A monthly recap of the latest news about Alzheimer’s and dementia
Several large studies have confirmed that vigorous exercise, walking and even doing household chores can greatly benefit the brain. Read more here.
With just a few clicks of a mouse and taps on a keyboard, researchers around the world can now order stem cells that scientists have engineered for studying the genes behind Alzheimer’s disease, amyotrophic lateral sclerosis (ALS), and several other neurodegenerative disorders. Read more here.
New research presented at the Alzheimer’s Association International Conference indicates that factors like living in a low-income neighborhood or earning low wages are associated with a higher likelihood of developing dementia. Read more here.
The field of Alzheimer’s research is branching out. After decades of focusing on the sticky amyloid plaques and tangled tau fibers associated with the disease, brain researchers are searching for other potential causes of impaired memory and thinking. Read more here.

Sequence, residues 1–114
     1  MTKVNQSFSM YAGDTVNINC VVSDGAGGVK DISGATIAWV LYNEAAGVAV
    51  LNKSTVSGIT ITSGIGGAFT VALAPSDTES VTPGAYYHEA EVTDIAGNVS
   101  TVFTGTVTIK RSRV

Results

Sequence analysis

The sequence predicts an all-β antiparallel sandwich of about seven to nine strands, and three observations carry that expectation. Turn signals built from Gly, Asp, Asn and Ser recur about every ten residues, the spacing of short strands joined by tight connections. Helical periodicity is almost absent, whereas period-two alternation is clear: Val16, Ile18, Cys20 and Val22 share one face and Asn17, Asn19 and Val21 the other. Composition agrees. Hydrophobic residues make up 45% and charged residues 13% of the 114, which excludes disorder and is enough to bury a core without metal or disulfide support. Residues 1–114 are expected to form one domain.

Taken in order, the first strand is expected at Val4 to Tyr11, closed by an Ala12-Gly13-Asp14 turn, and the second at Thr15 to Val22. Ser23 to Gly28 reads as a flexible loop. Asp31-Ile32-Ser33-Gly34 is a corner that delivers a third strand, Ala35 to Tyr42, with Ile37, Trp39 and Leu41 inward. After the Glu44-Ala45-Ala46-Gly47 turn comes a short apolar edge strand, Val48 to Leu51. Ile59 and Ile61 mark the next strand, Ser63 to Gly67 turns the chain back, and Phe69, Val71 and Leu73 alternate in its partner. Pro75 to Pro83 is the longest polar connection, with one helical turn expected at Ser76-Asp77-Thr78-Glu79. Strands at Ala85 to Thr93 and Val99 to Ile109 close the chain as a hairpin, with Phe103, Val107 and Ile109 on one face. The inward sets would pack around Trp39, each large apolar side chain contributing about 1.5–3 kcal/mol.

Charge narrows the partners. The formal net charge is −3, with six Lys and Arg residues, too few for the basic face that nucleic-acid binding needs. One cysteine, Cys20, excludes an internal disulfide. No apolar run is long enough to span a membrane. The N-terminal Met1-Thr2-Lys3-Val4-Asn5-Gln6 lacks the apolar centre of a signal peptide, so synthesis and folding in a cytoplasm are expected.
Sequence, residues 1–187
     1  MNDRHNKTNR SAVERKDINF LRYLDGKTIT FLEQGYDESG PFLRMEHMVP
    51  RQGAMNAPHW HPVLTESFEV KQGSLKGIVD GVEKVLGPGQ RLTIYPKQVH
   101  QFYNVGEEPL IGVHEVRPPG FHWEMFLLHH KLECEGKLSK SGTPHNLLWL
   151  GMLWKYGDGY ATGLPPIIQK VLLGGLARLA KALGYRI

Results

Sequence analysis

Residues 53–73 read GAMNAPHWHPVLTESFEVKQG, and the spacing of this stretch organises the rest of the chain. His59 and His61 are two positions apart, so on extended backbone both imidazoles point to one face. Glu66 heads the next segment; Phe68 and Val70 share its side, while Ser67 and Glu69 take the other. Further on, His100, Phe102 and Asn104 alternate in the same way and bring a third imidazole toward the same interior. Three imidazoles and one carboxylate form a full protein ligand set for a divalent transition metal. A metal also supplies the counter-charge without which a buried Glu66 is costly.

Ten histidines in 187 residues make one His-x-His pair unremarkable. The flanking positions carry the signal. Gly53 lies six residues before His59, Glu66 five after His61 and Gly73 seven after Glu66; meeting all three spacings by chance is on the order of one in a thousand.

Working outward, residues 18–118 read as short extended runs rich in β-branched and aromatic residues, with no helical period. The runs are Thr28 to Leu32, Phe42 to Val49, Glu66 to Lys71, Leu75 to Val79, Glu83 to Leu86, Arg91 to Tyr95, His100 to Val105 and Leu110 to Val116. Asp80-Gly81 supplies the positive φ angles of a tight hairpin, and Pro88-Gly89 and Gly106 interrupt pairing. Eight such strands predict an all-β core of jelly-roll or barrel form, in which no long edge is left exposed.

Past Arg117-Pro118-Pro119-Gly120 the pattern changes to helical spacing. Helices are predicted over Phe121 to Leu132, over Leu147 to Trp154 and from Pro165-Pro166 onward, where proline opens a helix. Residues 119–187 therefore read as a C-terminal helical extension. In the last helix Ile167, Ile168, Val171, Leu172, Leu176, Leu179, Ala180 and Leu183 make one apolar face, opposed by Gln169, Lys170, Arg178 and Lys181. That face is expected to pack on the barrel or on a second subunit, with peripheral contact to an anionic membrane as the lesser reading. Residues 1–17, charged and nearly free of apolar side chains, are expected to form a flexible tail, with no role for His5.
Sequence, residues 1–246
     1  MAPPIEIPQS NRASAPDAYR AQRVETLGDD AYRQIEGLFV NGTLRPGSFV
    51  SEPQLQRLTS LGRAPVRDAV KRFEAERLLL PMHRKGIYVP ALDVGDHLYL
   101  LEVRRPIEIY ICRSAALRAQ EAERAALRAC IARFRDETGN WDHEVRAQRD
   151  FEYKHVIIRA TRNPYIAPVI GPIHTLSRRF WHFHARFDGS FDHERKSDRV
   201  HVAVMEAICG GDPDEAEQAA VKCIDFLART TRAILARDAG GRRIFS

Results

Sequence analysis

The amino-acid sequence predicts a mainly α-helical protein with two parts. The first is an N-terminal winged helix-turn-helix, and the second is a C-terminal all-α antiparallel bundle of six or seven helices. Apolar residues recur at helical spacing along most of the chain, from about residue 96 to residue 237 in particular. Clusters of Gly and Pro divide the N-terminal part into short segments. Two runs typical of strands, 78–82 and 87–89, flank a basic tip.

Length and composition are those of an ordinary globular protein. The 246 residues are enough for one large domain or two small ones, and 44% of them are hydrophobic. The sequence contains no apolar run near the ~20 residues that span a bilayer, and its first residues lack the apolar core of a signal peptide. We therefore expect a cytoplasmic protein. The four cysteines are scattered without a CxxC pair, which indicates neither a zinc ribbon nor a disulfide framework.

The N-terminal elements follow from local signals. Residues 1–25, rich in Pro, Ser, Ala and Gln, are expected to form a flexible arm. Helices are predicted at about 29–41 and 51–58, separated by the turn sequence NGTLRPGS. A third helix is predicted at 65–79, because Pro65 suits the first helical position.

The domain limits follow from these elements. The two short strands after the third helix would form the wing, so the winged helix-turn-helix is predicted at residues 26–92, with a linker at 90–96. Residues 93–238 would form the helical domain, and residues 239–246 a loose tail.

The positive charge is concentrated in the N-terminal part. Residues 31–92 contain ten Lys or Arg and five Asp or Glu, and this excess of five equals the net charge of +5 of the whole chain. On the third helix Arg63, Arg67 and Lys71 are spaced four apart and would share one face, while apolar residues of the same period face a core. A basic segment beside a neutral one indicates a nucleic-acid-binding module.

Limbic-predominant Age-related TDP-43 Encephalopathy (LATE), a form of dementia that is often mistaken for Alzheimer’s disease, according to an NIA-supported study. Read more here.
It is still challenging to accurately track what people eat over long periods of time. It’s even tougher to link this data to brain health. Read more here.
Abnormal cholesterol and glucose (or blood sugar) levels as early as age 35 may be associated with Alzheimer’s disease risk later in life. Read more here.
It may be common knowledge that high-sugar, high-fat junk food (think: fried foods, milkshakes, pastries, cakes and cookies) aren’t good for your waistline, but could they also be harming your brain? Read more here.